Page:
The art of making money: a creative alternative to currency

A new concept enables registered artists to pay for goods and services with their work.

It’s surprising how willing people are to accept art instead of money,” Lars Kraemmer recalled about a road-trip from Canada to Mexico on which he didn’t spend a single cent.

Instead the Dane painted pieces of art that he used to pay for food, accommodation and whatever else he needed, including even a used motorcycle.

This and other trips were the foundation for a business plan that led to him launching Art Money.

As old as humankind
“I had no money,” explained Kraemmer. “All I wanted to do was to paint and enjoy life. I had to think of an alternative to support myself and my art.”

The first thing Kraemmer bought in exchange for his art was a CD, the second thing was a house, or rather the materials with which he built it. “I paid for it with a suitcase full of my paintings,” he confessed.

Together with an impressed friend they founded Art Money: a currency consisting of handmade works of art by people who have joined the movement – always in a 12×18 cm format at a fixed value of   200 

“The concept of exchanging art for goods and services is as old as humankind and the value of art is recognised by all people. Art Money simply introduces a system that unites format and value to make exchange easy, fun and beautiful.”

Dar es Salaam to Denmark
One of the most inspiring stories is the example of Otto Mlanda from Tanzania.

Mlanda started making Art Money using banana leaves and glue sourced from acacias and miombo trees. He swapped his art for a used computer and with the support of Kraemmer he was able to build up enough financial means to start his own business: bush walk tours to tourists.

Demonstrating how international Art Money has already become, Mlanda’s art can be seen hanging on the wall of a Copenhagen hotel.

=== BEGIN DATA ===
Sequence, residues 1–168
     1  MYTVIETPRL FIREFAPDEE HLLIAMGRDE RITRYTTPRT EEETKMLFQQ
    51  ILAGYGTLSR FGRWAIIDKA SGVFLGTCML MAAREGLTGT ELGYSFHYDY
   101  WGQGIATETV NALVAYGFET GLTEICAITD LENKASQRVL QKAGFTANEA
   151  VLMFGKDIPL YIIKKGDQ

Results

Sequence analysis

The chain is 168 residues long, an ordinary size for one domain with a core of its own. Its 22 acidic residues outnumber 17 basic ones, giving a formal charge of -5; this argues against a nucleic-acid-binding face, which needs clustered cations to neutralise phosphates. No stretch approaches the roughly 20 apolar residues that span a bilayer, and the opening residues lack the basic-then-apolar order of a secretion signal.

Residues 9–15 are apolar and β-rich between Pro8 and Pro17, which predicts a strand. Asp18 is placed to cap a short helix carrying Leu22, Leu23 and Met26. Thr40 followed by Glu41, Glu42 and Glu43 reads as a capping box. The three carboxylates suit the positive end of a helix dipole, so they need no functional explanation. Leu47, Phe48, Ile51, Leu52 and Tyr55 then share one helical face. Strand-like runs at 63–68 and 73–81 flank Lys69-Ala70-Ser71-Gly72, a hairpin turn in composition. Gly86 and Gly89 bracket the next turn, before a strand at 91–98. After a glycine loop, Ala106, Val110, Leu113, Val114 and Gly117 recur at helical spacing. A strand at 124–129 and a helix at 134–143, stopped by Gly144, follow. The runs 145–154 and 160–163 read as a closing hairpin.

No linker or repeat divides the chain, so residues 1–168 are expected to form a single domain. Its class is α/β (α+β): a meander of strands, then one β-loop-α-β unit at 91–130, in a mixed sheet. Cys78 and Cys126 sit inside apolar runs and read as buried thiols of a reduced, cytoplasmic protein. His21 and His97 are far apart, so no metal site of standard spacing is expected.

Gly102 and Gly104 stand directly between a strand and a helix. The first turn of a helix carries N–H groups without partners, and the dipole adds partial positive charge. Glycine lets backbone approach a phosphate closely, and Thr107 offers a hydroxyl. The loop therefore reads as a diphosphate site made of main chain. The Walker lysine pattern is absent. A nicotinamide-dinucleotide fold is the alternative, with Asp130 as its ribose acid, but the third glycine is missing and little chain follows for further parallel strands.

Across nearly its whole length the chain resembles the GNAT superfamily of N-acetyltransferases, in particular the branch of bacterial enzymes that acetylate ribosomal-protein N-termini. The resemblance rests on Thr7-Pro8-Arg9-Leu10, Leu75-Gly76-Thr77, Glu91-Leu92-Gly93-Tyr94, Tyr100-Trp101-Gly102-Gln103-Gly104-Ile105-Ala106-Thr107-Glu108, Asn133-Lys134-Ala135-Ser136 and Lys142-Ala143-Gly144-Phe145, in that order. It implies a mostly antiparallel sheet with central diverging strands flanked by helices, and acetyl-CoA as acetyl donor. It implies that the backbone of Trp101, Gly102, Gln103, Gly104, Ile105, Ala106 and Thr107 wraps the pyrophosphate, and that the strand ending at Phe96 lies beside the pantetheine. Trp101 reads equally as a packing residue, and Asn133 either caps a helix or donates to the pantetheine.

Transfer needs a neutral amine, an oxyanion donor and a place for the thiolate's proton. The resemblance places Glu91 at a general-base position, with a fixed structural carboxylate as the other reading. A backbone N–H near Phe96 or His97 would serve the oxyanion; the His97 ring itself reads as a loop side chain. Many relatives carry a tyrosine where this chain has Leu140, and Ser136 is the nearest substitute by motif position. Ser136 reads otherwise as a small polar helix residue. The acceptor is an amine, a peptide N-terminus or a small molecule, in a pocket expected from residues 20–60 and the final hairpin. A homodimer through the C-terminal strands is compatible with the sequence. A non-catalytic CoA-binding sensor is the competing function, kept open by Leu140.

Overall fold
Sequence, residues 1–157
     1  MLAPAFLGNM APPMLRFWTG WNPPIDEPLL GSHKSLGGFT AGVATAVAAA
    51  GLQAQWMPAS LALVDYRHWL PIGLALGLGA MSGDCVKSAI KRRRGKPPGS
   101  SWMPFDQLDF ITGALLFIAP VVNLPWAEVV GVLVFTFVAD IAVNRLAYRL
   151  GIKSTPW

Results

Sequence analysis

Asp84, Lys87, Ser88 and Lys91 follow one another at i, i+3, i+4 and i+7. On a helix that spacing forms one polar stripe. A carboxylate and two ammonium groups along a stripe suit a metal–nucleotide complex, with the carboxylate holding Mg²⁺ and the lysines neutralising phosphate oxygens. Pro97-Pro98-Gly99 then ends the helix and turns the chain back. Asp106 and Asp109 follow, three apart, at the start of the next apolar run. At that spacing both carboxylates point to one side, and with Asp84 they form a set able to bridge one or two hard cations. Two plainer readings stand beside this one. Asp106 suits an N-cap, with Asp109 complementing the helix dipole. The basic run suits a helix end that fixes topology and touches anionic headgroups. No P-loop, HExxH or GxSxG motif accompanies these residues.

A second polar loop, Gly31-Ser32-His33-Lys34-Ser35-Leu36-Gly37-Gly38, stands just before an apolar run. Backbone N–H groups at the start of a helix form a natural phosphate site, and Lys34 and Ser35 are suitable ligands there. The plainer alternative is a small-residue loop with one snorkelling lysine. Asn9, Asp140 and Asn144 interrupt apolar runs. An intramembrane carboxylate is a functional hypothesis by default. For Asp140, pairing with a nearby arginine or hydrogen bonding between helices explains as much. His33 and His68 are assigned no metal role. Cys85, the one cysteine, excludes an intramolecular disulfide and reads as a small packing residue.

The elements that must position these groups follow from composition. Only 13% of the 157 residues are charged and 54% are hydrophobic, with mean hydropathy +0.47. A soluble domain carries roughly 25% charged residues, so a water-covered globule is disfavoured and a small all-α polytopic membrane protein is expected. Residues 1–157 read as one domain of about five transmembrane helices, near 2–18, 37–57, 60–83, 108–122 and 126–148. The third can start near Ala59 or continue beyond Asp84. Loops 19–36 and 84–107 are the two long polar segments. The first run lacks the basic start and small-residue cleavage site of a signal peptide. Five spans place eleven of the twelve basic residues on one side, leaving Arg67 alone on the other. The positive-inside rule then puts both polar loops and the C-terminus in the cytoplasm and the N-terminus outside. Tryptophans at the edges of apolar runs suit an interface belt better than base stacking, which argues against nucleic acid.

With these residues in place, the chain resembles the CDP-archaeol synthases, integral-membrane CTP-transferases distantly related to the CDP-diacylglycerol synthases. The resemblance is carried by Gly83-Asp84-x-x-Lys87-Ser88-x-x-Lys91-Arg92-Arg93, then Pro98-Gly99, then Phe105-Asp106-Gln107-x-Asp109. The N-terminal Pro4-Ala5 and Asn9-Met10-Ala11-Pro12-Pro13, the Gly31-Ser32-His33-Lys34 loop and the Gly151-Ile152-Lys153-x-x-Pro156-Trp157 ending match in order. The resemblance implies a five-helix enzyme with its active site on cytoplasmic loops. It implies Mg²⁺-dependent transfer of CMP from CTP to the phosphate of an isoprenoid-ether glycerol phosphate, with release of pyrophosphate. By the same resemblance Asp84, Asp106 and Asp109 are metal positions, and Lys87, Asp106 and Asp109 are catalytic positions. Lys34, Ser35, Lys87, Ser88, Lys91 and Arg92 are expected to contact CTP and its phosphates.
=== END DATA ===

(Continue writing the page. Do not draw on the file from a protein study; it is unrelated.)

Half-board at hotel
As the first hotel to join the Art Money community, the Ibsen Hotel in Copenhagen, which is part of Arthur Hotels, accepts up to 50 percent of the payment for overnight stays. The nicest pieces are kept and hung up.

“As a well-established business, it’s great to be able to be part of something that helps individuals such as Mlanda,” explained Kristen Brøchner, the CEO of Arthur Hotels, holding up a framed piece of Mlanda’s work.

“This one isn’t for sale”, she smiled as she returned it to the wall in the hotel lobby.

“When we renovated our hotel I wanted to involve our street in all our interior design. Every piece of furniture and art or decoration has a different story to tell. When I became acquainted with the concept of Art Money, I knew it would fit the hotel’s concept well.”

Helping good causes
Art Money has the advantage of being a currency that does not fluctuate in value from country to country.

“We don’t see the need to devalue the work of people who live in poorer countries, as some companies tend to think is reasonable,” said Kraemmer.

For example, Art Money has spread to India where MR Manohar is financing a home for handicapped kids with some of the proceeds.

“It’s also a great means for homeless people,” Kraemmer explained, who gave a talk about creating Art Money and its possibilities at a homeless centre recently.

Growing quickly
Thanks to the internet the art project has grown bigger and faster than Kraemmer had anticipated.

“As a movement it has grown since we joined,” said Brøchner.

“I’d really like to see more shops join that are useful to our hotel – like a beekeeper who could offer us honey or an orchard selling us apples by accepting a percentage of our payment in Art Money.”

And there is also the potential to move outside art. After all, Honey Money has a nice ring to it.


Art Money factfile:

Artists can register at for a yearly fee of 365 kroner

Businesses can register for free. Purchased Art Money pieces can be displayed or sold on

Art Money is recognised by the Danish tax authorities and poses no complications to businesses accepting it.

Businesses who accept Art Money payments advertise via stickers on entrances, much like those for Visa or American Express.

Collectors are already seeking out Art Money as it can often be worth more than its 200kr fixed price.

There have already been exhibitions of the works without any involvement of Kraemmer himself.

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